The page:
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Attic ceiling project

Chris Haddox | Posted in General Questions on

OK…read lots, know lots, but have a tough situation: 1924 unvented hot/cold attic, shallow rafters (4″), plank roof deck, asphalt shingles/tar paper and wishing to finish the attic space for office/play area. Previous owner installed very thin layer of foil faced batt against roof deck at least 15 years ago–no thermal impact, but more importantly there has been no moisture issues for the past 43 years (28 him, 15 me). I really don’t want to go closed cell spray. Instead, I am figuring scabbing the rafters to get 6″ depth, then faced glass batts in the cavities against roof deck and rigid/taped seams over that for thermal bridging, then T&G pine for finished ceiling. I know T&G is not anywhere close to air/moisture barrier, but I’ve zero moisture issues in the past with the tiny amount of foil faced batt that has been there for at least the past 15 years, so just don’t think I am getting much moisture laden air up there in the first place…my rationale for not doing drywall. I know I won’t hit a code requirement for thermal, but this is not a permanent living space–just looking to add some comfort level for when the space is being used. Crazy? Better ideas? Thanks!

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  1. GBA Editor
    Martin Holladay | | #1

    Bad idea.

    If you want to use fiberglass batts, you have to have a ventilation channel between the top of the insulation and the underside of the roof sheathing.

    The fact that the existing assembly has no moisture problems now may simply be due to the fact that the existing batts are so thin and poorly installed that they are ineffective. Thicker batts could easily lead to moisture problems.

    To read about all the different ways you can do this correctly, see this article: How to Build an Insulated Cathedral Ceiling.

  2. Chris Haddox | | #2

    Thanks, Martin. I was thinking of baffles (channel) between the batts/deck, but as I have no soffit/ridge vents, how would the system benefit?

  3. GBA Editor
    Martin Holladay | | #3

    You have two choices:
    (a) Install soffit vents and a ridge vent so that you can create a vented roof assembly, or
    (b) Create an unvented roof assembly with spray foam or rigid foam.

  4. Chris Haddox | | #4

    with rigid, cobble into the bays, or just leave them open and go with rigid sheets to the rafter bottoms....then drywall over that, i suppose. thanks again, martin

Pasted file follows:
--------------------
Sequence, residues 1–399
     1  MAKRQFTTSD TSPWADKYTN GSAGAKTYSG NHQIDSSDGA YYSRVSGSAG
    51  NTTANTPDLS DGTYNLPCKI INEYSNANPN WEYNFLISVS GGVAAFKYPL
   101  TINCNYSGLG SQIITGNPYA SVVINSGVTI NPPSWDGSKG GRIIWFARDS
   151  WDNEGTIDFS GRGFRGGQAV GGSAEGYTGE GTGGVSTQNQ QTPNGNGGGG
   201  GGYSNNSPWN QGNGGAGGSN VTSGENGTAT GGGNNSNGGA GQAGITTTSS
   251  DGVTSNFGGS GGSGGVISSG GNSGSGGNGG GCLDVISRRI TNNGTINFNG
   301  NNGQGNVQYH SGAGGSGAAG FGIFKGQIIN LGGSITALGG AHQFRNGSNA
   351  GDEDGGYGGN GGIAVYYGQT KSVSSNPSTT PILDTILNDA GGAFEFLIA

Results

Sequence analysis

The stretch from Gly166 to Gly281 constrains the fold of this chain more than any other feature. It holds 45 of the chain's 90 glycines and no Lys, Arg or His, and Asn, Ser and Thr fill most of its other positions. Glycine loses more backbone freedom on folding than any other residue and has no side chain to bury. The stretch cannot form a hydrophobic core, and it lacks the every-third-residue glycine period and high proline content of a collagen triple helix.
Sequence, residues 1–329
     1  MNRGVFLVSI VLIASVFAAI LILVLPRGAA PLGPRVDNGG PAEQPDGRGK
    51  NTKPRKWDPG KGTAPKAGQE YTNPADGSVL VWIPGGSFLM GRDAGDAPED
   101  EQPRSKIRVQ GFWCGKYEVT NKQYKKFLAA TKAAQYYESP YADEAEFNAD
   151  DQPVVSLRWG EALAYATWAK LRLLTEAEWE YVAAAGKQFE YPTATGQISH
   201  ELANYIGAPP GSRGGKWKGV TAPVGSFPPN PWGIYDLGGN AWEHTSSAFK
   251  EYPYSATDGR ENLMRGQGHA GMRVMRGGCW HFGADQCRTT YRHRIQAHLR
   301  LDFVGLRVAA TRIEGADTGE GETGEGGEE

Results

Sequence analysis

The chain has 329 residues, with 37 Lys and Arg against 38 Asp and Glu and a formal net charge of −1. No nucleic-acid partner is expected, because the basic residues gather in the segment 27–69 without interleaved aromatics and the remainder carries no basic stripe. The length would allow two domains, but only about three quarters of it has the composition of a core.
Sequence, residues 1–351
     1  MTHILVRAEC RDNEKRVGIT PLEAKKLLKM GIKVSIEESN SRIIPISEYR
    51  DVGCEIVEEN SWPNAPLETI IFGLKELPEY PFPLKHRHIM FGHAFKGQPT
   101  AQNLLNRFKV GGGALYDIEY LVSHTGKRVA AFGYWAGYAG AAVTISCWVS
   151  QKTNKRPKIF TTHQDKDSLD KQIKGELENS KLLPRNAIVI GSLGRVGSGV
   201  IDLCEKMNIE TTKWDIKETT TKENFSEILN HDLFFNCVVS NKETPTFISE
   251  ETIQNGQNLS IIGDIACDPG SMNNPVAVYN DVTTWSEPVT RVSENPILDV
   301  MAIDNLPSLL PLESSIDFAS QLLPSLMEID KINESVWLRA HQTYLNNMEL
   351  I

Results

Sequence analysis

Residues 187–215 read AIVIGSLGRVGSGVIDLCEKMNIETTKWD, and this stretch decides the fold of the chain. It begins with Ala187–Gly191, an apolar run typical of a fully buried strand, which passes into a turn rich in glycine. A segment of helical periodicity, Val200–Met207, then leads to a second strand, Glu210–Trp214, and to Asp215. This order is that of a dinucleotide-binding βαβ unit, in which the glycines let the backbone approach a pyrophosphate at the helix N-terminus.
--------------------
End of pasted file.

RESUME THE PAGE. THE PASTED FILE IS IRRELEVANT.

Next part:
5. GBA Editor
    Martin Holladay | | #5

    No. If you want to use rigid foam for an unvented roof assembly, the rigid foam has to be installed on top of the roof sheathing. This method will require you to install new roofing.

    If you want to do all the work from the interior, you will need to use spray polyurethane foam.

    All of this is explained in the article I linked to: How to Build an Insulated Cathedral Ceiling.

  6. Chris Haddox | | #6

    Thanks, Martin....foolishly hoping for something new, but you comments snapped me back to reality! Appreciate your time.

  7. Chris Haddox | | #7

    Martin, I went with open cell foam insulation against my attic roof deck. The job was challenging as the house is 1920s with unvented hip rafter roof (6" depth) with 3 dormers and a short ridge. There are several short jacks interspersed in between the common rafters, as well. Regardless, we were able to seal the entire perimeter over the wall top plate and get good coverage on the roof deck. The job was well done and once I address the old windows, I should have a very nicely sealed/insulated space. My question now centers on vapor retarders and thermal bridging via the exposed bottom of the rafters. IECC Zone 5 appears to warrant a Class II retarder. As I am finishing the ceiling with T&G pine, I am considering a thin application of fanfold insulation...stapled/ cover the spray foam, then the T& address vapor and thermal bridging through the exposed rafter bottom. Thoughts? Overkill? Thanks!

  8. GBA Editor
    Martin Holladay | | #8

    You definitely need an interior vapor retarder. Fan-fold foam is one option, but it's only a good idea if you are sure you know the vapor permeance of the product you install. If it is thin EPS with no facings, it could be quite vapor-permeable -- and in this case, you're probably looking for a product with a rating of 1 perm or less.

    One option is a smart vapor retarder like MemBrain. Another option is 1 inch of XPS; the only disadvantage of XPS is the fact that it has a blowing agent with a high global warming potential.

  9. William Howell | | #9

    Martin's answer in Dec 2011...

    Don't bother to include ventilation. Instead, fill the 3.5 inch rafter bays with 3.5 inches of polysio (one 2-inch layer, and one 1.5-inch layer). Seal all gaps with canned spray foam. Then install a continuous layer of 2-inch polyiso under the rafters to stop thermal bridging.
    Using several layers of foil-faced foam is fine -- there is no problem with making a sandwich like this, except that it is slow, fussy work.

    I am considering doing this in my Victorian in Salt Lake City for similar reasons and would like to avoid spray foam if I can. Has this recommendation changed?

  10. GBA Editor
    Martin Holladay | | #10

    A few years ago, I hadn't heard any reports of failures of unvented roof assemblies insulated with the cut-and-cobble method. Since then, I have heard of several such failures.

    I no longer recommend the cut-and-cobble approach for cathedral ceilings unless the assembly includes a ventilation channel between the uppermost layer of insulation and the roof sheathing.

    For more information on reports of cut-and-cobble failures, see Cut-and-Cobble Insulation.

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